At Chick’s Drive In (founded 1950) we sat on the white painted cement benches and ate soft shell crab and onion rings in the sun, surprised at this new vantage point on New Haven harbor, observing the number of hugely fat people waddling out with trays of food. I wondered why it was taboo for bartenders to serve weaving patrons but not kosher for waiters or ice cream servers to turn away the fat (I suppose the big difference is that no one expects the obese to die, or kill another, from this sweating scoop of ice cream, this wheezing slab of steak. Their dying is slower, less legally traceable to any one restaurant). The face of the building was a grey crenellated concrete as seen in industrial parks and storage units. Was it possibly ever seen as modern and attractive? “The Best Customers in the World Walk Thru these Doors,” read a sign. We were happy.
Looking at the Marilyn Monroe photos and others of grinning white men, dead owners, I imagined this place, right across from the beach, as a racial flashpoint in the fifties and sixties, as “uppity” blacks tried pushing their way into white-T-shirted proletarian haunts such as this, semi-public for their proximity to beaches and parks. Just a guess, of course, a haunting from the woodwork of the place, lets say. Now it is mixed. I saw mixed race couples canoodling. Kitchen and counter staff of all major races goofed orders and ignored people. But it was all for the best in my case: two stuffed clams with melted butter would have cut days off my lifespan.
Afterward we drove along the shore to Savin Rock Park, a long public promenade. There, too, all races and ethnicities walked together, walking absurd poodles with neon pink leashes, bulldogs like mythical Chinese beasts, dachshunds in dresses; holding hands or skateboarding, crinkling their faces at the stink of the sea. I mentioned to Shane that I had not seen a similarly common space in New Haven. The green is a great space, but embraced by none. That’s because it is a racial border line, he said, between Yale and the city. York Square is the same. I walk into Popeye’s with Brendan and everyone’s staring!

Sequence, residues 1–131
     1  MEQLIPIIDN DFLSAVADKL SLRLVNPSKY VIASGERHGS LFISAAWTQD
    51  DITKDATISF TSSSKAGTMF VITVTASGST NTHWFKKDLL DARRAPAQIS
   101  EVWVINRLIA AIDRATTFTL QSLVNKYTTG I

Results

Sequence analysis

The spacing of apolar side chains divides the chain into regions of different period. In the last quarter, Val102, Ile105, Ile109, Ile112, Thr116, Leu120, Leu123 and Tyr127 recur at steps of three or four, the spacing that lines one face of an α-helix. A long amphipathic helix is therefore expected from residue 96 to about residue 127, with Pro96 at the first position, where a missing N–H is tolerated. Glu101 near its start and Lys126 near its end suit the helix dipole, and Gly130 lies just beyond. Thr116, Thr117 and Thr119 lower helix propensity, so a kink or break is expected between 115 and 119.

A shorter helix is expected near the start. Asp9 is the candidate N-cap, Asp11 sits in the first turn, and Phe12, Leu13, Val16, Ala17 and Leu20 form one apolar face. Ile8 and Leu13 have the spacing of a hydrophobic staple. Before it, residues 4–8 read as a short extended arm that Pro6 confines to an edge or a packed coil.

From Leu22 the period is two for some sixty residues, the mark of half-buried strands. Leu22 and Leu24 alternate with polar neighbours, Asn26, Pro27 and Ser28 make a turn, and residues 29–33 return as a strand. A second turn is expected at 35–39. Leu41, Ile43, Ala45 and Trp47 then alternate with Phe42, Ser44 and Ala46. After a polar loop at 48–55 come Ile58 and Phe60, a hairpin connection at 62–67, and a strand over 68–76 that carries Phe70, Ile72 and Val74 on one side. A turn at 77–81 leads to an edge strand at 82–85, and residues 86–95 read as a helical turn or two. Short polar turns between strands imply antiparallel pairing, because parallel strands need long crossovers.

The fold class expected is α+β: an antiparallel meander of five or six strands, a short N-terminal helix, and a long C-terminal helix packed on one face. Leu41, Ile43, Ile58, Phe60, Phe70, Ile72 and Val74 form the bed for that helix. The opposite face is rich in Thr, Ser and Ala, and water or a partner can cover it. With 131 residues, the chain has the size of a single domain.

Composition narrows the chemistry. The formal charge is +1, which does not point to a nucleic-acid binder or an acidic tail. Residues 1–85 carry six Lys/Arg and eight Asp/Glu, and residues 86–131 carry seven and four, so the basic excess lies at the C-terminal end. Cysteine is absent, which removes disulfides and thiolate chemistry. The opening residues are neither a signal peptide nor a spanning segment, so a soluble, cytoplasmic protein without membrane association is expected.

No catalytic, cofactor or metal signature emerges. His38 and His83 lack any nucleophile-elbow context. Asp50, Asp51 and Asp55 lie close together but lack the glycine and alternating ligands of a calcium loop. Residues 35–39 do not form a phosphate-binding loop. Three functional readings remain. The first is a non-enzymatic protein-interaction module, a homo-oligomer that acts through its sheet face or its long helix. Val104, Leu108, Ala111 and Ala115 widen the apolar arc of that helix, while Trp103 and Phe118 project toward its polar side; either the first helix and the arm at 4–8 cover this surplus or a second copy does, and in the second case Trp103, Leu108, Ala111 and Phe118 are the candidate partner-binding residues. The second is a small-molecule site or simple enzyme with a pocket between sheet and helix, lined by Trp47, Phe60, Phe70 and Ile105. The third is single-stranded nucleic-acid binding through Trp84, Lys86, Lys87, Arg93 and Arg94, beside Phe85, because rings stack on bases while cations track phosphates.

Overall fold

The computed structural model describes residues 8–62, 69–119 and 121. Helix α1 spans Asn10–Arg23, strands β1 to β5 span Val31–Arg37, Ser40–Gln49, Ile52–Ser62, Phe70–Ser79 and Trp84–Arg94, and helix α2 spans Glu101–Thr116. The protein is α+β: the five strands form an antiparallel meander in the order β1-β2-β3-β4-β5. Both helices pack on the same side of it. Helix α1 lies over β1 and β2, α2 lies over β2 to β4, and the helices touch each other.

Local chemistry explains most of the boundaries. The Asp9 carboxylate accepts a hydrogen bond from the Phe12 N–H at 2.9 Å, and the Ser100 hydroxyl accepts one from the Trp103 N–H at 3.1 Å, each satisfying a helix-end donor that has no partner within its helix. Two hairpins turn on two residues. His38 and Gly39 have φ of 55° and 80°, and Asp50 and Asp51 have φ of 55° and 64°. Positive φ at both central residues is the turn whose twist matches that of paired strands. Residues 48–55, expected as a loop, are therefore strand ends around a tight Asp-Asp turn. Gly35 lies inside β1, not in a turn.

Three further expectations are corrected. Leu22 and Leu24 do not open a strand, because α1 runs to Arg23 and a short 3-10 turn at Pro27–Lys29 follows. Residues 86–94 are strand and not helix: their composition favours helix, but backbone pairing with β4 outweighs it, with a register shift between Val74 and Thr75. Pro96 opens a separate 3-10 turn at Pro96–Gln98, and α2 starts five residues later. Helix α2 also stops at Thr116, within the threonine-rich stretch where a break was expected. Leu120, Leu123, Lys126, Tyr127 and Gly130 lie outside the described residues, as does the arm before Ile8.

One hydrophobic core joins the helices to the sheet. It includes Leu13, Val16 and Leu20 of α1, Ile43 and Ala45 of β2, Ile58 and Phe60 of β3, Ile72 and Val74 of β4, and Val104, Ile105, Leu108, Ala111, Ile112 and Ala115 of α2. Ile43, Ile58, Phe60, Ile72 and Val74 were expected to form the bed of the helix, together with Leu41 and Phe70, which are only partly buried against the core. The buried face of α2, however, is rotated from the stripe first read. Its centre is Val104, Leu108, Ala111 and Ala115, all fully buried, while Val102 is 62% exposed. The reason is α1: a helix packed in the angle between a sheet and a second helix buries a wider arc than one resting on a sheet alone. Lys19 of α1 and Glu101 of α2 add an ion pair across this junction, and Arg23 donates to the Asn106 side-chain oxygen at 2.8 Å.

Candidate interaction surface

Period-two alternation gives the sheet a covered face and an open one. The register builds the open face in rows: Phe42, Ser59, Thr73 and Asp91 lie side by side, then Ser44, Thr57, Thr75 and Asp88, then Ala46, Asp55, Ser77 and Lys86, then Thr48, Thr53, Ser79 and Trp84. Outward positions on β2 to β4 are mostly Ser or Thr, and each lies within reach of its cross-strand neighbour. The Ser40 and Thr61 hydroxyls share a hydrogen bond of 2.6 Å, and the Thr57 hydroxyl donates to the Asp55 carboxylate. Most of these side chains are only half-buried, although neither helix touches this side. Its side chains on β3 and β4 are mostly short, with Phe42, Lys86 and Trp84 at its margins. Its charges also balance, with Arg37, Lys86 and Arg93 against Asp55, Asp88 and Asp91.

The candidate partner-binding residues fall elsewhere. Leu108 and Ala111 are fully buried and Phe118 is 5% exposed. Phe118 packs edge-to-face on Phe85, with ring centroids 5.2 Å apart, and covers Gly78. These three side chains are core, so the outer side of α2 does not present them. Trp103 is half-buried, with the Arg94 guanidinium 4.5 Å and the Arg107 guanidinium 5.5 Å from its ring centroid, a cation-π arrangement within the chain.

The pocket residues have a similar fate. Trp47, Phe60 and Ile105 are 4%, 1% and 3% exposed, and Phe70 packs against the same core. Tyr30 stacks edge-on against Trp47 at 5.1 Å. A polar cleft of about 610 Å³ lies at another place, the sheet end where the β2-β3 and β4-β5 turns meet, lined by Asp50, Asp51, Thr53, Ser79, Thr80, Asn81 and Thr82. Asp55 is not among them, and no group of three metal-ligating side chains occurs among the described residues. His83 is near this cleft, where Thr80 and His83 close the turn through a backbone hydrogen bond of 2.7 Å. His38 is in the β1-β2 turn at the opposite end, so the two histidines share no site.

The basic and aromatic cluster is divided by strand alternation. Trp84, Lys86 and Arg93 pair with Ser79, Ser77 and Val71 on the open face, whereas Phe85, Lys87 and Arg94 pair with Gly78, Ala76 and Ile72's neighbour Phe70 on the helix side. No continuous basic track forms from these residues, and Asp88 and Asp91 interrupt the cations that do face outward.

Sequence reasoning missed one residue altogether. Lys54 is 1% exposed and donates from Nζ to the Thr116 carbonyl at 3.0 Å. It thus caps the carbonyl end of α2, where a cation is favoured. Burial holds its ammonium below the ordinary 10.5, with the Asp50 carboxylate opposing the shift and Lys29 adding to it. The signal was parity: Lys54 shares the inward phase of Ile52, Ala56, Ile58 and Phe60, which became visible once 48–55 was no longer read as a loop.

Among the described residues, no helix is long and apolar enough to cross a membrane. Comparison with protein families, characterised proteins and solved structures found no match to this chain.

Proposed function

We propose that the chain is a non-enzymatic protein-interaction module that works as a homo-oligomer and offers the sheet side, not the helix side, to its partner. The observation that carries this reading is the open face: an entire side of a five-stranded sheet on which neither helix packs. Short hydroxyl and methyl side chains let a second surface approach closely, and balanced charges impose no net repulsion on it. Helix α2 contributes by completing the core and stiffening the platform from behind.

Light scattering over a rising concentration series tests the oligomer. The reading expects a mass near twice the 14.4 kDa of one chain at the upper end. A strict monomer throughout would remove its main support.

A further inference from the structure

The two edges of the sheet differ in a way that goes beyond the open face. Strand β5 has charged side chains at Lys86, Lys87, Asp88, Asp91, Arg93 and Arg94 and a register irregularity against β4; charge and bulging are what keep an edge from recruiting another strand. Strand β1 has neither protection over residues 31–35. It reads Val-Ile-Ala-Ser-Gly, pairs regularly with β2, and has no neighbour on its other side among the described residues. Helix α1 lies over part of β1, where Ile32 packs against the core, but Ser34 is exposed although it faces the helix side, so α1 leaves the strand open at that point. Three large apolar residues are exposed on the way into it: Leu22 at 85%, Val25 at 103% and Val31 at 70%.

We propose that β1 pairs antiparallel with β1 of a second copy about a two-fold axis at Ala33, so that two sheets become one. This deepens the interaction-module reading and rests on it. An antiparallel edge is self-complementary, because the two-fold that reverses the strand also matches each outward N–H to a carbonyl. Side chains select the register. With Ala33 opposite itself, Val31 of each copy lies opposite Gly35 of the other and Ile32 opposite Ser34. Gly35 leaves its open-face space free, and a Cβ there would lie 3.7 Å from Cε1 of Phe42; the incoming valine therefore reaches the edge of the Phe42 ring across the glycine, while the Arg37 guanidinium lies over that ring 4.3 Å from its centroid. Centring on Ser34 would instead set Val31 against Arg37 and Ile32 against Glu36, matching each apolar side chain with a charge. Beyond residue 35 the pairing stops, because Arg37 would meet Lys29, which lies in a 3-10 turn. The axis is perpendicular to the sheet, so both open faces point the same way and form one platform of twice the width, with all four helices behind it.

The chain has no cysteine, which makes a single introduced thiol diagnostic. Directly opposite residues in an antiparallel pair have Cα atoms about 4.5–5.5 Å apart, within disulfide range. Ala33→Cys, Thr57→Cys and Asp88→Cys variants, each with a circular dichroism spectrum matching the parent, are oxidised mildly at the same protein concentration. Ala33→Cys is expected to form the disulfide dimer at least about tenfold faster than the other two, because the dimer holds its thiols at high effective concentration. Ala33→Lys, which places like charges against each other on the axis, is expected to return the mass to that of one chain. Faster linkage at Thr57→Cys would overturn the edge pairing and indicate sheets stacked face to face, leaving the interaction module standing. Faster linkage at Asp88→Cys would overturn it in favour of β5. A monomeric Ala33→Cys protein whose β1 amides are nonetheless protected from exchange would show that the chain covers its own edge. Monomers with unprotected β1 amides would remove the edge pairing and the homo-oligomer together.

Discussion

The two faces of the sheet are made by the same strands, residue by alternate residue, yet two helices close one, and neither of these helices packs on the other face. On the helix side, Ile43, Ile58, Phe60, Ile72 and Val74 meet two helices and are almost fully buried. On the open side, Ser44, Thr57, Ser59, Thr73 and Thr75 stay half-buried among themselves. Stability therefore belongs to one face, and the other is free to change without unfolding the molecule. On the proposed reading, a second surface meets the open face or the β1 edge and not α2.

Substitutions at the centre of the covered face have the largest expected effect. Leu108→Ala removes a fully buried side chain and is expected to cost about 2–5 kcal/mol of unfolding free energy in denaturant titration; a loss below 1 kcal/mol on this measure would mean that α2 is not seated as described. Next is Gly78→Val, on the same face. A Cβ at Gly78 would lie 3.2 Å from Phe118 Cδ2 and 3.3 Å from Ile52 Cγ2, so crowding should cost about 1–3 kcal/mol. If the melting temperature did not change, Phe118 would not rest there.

But here, what joy: no fear, no loathing, no pretension (not beyond recommended daily dosages). Old folks sat on benches with the names of dead on them, and I felt like I was in China again as pop music boomed from speakers and people of all ages danced the Macarena. An old man with wispy white hair and batik shirt gyrated. Little girls were unafraid in front of dozens of watchers. It was a mundane utopia. Have I ever seen public dancing in this country? I don't think so. A Turkish or Caucasian girl wore a veil, walking with clipped stride. Post-Maya manga-eyed moppets played on the grass. Two black bikers, the Ryderz from their flamboyant jackets, helmets back off their foreheads, strutted their bikes in the parking lot. Massive restaurants covered with wood shingles – Jimmies, Turks – served food to acres of cars parked about them. The architecture was brutal and the asphalt cracked but for once in Connecticut I have found a place not segregated for the poor nor enclaved for the rich, between the extremes of Madison and New Haven.